I have never seen America so polarized, both sides are charged up, it's potentially more charged I feel than the 60s, because this has been a slow cooking pot of trouble. Well, this is America, we don't do things in half measures, when it blows up here, the world will be in awe. What people haven't considered is how much information about making weapons and bombs is on the Internet. You find videos of it all over the Internet. This was rare, hard to find information when I was a kid and we still had a few that played with it.

      Think of what crazy kids here have at their disposal? Forget guns. Guns would be actually more forgiving, considering the lack of armor piercing rounds available. When it gets ratcheted up to improvised bomb launchers that are combination armor piercing and anti personal, our riot cops will get shredded into hamburger in the streets.

      This is why I find this BART action to shutting down the tech to be alarming. If the authorities clamp down on peaceful protest, they just make people in more angry, and increase the chance of escalating this. If people can vent, and feel they are being heard, this goes a LONG ways towards perpetuating a lawful society. If you shut people down, after they have been told all of their lives that they are a free people and have the right to assemble and be heard, you become their enemy. This gives people a reason in it's self to hate you and want you gone. Stack that up on top of any legitimate or perceived to be legitimate grief they have and you start having a recipe for revolt.

  • by bre_dnd (686663) on Friday August 12, 2011 @07:10PM (#37075784)
    This will *also* disable any early / current news access. The London bus bombings a few years ago were widely reported on by people carrying cellphones w/ photo or video capability. News will still come out, eventually, but if it trickles out *as it happens* both citizens and law enforcement might also get an early heads-up.
  • by MrEricSir (398214) on Friday August 12, 2011 @07:11PM (#37075798) Homepage

    The subway sections of BART contain special cell antennas to allow service underground -- these were recently added in the past few years.

    Given this, it seems like on the one hand that the service is a privileged. It certainly didn't exist more than 5 years ago, and people got along fine without underground cell service.

    On the other hand, disrupting cell service seems like a violation of free speech. It may not be necessary for free speech, but it's still a method people use to communicate.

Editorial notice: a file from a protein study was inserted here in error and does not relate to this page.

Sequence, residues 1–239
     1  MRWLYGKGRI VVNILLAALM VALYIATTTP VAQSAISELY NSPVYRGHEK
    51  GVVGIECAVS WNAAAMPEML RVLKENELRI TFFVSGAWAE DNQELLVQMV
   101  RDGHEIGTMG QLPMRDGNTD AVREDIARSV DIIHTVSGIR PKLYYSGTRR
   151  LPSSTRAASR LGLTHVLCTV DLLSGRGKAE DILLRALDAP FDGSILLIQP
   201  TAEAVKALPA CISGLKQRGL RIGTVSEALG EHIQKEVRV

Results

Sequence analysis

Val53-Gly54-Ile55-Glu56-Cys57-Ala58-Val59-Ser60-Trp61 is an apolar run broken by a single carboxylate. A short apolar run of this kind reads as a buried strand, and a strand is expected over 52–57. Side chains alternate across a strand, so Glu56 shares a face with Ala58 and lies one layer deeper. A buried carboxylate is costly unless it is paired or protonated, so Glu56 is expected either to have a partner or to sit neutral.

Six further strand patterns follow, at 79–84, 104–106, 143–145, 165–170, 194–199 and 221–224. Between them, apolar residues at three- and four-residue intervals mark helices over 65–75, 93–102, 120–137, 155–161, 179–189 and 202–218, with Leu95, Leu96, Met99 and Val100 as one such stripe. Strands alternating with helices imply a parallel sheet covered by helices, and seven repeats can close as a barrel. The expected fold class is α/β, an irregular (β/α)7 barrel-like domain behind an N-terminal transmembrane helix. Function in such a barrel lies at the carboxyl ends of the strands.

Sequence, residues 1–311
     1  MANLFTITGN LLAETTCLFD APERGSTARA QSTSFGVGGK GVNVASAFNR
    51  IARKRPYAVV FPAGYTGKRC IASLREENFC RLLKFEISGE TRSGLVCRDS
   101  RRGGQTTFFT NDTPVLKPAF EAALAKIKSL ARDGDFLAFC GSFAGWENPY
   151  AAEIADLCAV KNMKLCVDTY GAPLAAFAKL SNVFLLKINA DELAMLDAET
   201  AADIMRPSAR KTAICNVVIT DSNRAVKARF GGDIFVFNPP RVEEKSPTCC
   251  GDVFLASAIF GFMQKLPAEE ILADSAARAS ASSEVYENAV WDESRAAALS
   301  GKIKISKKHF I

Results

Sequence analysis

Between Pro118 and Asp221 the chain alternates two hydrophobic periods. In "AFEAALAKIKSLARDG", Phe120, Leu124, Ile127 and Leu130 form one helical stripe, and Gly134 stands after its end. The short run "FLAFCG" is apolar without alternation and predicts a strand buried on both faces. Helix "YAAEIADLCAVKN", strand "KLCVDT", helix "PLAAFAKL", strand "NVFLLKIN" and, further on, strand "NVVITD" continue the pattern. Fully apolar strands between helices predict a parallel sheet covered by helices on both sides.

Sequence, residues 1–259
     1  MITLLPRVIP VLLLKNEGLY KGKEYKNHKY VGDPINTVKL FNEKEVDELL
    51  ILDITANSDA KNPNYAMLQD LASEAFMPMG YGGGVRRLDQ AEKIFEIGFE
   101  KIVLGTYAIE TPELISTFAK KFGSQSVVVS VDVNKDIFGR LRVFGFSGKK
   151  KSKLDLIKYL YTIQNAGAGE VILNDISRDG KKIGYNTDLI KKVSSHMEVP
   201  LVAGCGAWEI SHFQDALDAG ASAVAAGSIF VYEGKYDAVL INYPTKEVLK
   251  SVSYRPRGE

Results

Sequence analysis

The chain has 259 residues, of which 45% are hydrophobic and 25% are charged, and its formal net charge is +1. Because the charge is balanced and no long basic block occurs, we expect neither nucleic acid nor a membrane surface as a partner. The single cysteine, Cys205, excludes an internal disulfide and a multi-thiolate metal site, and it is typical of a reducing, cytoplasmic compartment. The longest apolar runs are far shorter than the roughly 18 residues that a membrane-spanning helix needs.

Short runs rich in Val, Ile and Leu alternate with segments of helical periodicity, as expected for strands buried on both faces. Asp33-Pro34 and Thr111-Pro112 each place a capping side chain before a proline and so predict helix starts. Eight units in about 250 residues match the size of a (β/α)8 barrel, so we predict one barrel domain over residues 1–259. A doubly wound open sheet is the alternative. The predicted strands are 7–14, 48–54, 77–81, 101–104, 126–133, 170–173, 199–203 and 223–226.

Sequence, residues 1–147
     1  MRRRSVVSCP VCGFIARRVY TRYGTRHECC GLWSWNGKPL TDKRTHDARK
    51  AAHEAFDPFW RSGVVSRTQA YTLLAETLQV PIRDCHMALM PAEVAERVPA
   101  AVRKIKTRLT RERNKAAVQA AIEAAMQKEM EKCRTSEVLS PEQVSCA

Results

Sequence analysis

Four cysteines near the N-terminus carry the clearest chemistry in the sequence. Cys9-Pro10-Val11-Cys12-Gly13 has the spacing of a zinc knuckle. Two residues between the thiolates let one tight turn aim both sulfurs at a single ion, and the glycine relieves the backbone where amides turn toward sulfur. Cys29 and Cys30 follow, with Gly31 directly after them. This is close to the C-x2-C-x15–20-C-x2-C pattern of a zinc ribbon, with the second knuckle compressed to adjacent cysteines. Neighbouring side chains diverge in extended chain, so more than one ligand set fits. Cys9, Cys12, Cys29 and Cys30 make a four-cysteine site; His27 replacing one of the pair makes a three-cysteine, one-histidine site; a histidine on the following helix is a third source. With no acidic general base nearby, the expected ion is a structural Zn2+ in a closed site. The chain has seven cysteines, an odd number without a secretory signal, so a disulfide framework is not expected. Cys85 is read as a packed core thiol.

• by hedwards (940851)

      Previously people didn't count on it being there. It's sort of like how different things changed when pagers were introduced. Suddenly the hospital could get in touch with a doctor even if they weren't in the office or at home.

    • by artor3 (1344997)

      There was a time when the only mode of communication was to write a letter and pay a guy with a horse to carry it for you, and people made do. That doesn't mean that all modern communications are a privilege and that the government would be within its rights to shutdown the internet, phone service, radios, organized mail carriers, and the interstate highway system.

      • Re: (Score:2, Insightful)

        by MrEricSir (398214)

        Absolutely. But even at the pace of modern life, it's a bit silly to argue that something only a couple years old could be necessary for free speech. Obviously people got by for (let's say) 10 years without it. Why is it a requirement all of a sudden?

        • by artor3 (1344997) on Friday August 12, 2011 @08:12PM (#37076242)

          It's not that it's a requirement. If they took it down because it was too expensive, or it needed lengthy repairs, or whatever, I'd be fine with that. But when they cut off a mode of communication specifically to prevent people from communicating, that's when it becomes a problem. I expect that in Syria or Iran, not in the US.

      • by EdIII (1114411) on Saturday August 13, 2011 @02:07AM (#37077478)

        I think we are actually getting off topic here a little.

        This has nothing to do with Free Speech. All Free Speech grants us is the right to the *opportunity* to speak freely to whomever can hear us. It says nothing that we shall be provided with communication capabilities to do so. Even, all the way back then, I don't think the Founding Fathers intended that every man shall have free and reasonable access to pen, ink, paper, a horse, and another man to effectively transmit your speech farther than the sound of your voice.